Jonathan Smith runs Where2walk, a walking company in the Yorkshire Dales.

Jonathan has written his own book, the Dales 30 which details the highest mountains in the Dales.

He also runs one-day navigation courses for beginners and intermediates. Join his Learn a Skill, Climb a Hill weekends in the Dales.

To find out more details on any of the above visit his website,

PENISTONE Hill is only a very short (but steep!) walk from Haworth, the home of the Bronte sisters. Penistone itself is an interesting place to explore but this walk is much improved by extending it on to the wild moors that so inspired the writings of the three sisters.

Park in one of the car parks in Haworth and head towards the church and Bronte Parsonage. It is worth visiting the Parsonage before the walk to gain a feel for the tough lifestyle of the times. In turn this will bring a greater appreciation to the walk. The path heads up the south side of St Michael and All Angels Church, an impressive building where the father of the Bronte sisters was reverend for 41 years. Beyond the church the path bears left for 200 metres, passing a car park on the left. After 200m take the signed lane to the right which climbs steeply for a further 25o metres before meeting a minor road. Cross the road and take the footpath heading south west.

The path climbs on to Penistone Hill. The distinctive moonscape appearance of Penistone Hill is the result of sandstone quarrying, popular in the 19th century and only ceasing in the 1960s. The resuted landscape is a myriad of heather moors and craters filled with small tarns that are cross crossed by a number of paths. A trig point marks the high point at 314 metres providing some pleasant views. What is most noticeable about the views (unlike the nearby Dales but more like the North York Moors) is the deeply cut, dark valleys. It is a river eroded landscape creating the narrow valleys, not the U shaped glaciated valleys further north.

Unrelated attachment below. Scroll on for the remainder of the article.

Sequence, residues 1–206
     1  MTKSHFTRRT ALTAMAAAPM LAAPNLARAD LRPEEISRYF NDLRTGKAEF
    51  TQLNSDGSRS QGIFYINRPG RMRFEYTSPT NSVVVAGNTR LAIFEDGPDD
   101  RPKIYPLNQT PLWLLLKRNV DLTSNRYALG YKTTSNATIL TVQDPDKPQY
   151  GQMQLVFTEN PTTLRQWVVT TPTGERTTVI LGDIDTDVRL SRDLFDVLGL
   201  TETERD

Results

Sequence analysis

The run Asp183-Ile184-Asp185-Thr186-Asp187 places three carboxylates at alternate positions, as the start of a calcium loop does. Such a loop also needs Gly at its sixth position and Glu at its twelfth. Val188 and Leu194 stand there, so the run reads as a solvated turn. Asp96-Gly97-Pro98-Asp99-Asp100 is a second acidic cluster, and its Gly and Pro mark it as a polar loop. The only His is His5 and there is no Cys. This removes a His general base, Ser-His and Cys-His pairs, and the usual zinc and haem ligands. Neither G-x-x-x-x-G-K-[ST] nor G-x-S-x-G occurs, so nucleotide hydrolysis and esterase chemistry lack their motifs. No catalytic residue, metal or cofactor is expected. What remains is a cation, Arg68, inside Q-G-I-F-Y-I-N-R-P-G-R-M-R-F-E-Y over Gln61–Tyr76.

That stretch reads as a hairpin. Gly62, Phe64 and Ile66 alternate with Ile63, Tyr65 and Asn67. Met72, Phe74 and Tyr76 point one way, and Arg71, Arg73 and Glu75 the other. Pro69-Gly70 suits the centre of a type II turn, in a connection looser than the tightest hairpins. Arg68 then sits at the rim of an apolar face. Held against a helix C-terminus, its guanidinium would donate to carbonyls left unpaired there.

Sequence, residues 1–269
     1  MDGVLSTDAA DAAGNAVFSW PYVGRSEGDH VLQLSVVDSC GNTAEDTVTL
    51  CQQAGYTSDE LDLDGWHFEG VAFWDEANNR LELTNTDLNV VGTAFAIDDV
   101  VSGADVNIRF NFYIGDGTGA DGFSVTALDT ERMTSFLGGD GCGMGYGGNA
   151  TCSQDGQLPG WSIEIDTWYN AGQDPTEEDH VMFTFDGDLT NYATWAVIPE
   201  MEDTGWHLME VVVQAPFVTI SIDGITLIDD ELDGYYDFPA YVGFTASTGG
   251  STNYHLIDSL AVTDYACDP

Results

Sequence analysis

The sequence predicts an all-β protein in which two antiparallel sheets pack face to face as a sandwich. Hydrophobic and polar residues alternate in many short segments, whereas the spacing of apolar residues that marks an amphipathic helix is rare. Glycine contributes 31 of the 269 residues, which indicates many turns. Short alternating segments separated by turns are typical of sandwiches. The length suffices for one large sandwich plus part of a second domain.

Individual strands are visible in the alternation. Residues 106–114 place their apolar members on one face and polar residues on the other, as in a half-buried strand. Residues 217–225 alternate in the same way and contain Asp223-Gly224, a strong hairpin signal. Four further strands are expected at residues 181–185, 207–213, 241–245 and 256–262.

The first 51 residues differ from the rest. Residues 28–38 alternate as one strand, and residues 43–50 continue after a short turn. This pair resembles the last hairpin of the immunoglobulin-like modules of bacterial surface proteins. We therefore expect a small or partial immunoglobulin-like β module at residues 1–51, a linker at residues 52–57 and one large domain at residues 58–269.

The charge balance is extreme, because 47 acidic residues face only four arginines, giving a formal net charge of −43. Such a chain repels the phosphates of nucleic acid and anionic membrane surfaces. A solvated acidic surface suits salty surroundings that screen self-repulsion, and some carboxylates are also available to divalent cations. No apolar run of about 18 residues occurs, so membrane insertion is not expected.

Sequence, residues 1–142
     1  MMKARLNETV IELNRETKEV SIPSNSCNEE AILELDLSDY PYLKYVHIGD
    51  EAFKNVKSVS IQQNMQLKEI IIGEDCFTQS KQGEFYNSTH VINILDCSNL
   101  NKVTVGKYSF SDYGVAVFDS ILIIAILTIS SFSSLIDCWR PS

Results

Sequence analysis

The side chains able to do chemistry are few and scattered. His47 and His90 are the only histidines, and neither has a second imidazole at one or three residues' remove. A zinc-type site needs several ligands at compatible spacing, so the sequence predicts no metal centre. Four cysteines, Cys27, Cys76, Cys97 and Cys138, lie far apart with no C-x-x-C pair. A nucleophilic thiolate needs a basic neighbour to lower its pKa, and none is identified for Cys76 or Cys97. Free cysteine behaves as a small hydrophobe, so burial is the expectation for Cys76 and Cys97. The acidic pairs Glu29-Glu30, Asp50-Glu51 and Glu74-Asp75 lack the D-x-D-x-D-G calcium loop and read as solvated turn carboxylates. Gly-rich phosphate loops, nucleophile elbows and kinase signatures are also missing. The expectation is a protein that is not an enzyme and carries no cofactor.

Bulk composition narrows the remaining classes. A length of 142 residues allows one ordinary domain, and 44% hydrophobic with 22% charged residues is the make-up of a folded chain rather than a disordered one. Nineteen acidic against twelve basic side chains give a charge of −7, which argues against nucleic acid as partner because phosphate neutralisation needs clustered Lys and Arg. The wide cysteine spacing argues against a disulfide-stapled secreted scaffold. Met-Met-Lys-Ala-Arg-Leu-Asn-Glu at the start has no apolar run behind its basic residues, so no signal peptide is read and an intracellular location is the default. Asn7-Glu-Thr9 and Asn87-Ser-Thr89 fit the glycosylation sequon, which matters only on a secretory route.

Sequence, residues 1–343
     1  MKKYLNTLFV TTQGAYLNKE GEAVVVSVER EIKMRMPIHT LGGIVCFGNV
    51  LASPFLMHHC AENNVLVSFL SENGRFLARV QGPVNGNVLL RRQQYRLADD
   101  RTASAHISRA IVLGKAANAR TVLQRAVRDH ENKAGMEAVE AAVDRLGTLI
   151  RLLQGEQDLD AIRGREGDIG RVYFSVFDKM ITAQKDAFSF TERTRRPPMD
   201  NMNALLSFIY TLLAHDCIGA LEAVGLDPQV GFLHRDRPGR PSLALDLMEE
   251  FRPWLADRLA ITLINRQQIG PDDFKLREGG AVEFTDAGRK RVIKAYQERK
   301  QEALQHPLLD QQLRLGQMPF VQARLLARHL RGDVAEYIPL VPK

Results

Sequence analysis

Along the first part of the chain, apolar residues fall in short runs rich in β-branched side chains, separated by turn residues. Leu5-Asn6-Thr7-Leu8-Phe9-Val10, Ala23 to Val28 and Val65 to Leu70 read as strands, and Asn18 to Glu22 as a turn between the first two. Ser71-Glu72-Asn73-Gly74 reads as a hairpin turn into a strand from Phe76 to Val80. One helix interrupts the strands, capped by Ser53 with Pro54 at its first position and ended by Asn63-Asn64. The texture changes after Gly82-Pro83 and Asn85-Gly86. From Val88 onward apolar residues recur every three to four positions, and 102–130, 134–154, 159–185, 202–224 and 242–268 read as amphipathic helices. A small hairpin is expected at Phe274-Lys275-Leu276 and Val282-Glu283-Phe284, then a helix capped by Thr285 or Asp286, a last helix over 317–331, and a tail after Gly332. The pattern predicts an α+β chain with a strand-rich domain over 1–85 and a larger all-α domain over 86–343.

Picking your own way along the many paths head in a generally western direction till dropping to meet a road. Turn right and follow it downhill (the distance depends on where you met the road!) to a footpath heading in to the moors.

This path picks its way through the heather (a magnificent purple at this time of the year) till it meets a wider track. If you have not visited the Bronte Bridge before carry on the track to the bridge and then turn south alongside the waterfall. If you have been to the bridge previously take the footpath through the heather aiming to the obvious farm in the distance, Harbour Lodge.

From the farm turn back east and take the major farm/shooting track across the moors.

This is a large grouse moors, managed for the preservation of the young grouse and the yearly shoots. The views are tremendous and because the track is so easy the eye is drawn to the vastness of the moors. Lovely!

On meeting the road after one-and-a-half miles turn right briefly and then take the quiet road opposite. Follow the road for 1 mile (it turns sharply left after half a mile) till it meets your outbound route under Penistone Hill.

I have tried various footpaths above Haworth but they are in variable (and often wet) condition so recommend staying to the road and lane on returning to the town.

Fact File:

Distance: Roughly 5 miles (8km).

Height to Climb: 150m (500 feet)

Start: SE 030372. There are a number of car parks in Haworth but aim for the church to start the walk.

Difficulty: Easy/Medium. Generally the paths are excellent and straightforward to follow.

Refreshments: Haworth is full of interest with excellent cafes and pubs.

Be Prepared:

The route description and sketch map only provide a guide to the walk. You must take out and be able to read a map (O/S Explorer OL21) and in cloudy/misty conditions a compass (essential on this walk). You must also wear the correct clothing and footwear for the outdoors.